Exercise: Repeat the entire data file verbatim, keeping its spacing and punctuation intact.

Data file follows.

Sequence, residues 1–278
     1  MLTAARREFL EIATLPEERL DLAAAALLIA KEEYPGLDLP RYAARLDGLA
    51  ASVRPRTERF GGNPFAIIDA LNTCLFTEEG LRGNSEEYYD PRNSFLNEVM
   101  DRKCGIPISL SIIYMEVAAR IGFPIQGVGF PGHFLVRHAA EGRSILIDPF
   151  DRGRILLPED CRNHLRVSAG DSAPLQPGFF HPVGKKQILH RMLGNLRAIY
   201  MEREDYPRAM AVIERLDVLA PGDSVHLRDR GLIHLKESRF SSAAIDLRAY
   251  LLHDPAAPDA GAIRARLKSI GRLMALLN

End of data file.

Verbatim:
Sequence, residues 1–278
     1  MLTAARREFL EIATLPEERL DLAAAALLIA KEEYPGLDLP RYAARLDGLA
    51  ASVRPRTERF GGNPFAIIDA LNTCLFTEEG LRGNSEEYYD PRNSFLNEVM
   101  DRKCGIPISL SIIYMEVAAR IGFPIQGVGF PGHFLVRHAA EGRSILIDPF
   151  DRGRILLPED CRNHLRVSAG DSAPLQPGFF HPVGKKQILH RMLGNLRAIY
   201  MEREDYPRAM AVIERLDVLA PGDSVHLRDR GLIHLKESRF SSAAIDLRAY
   251  LLHDPAAPDA GAIRARLKSI GRLMALLN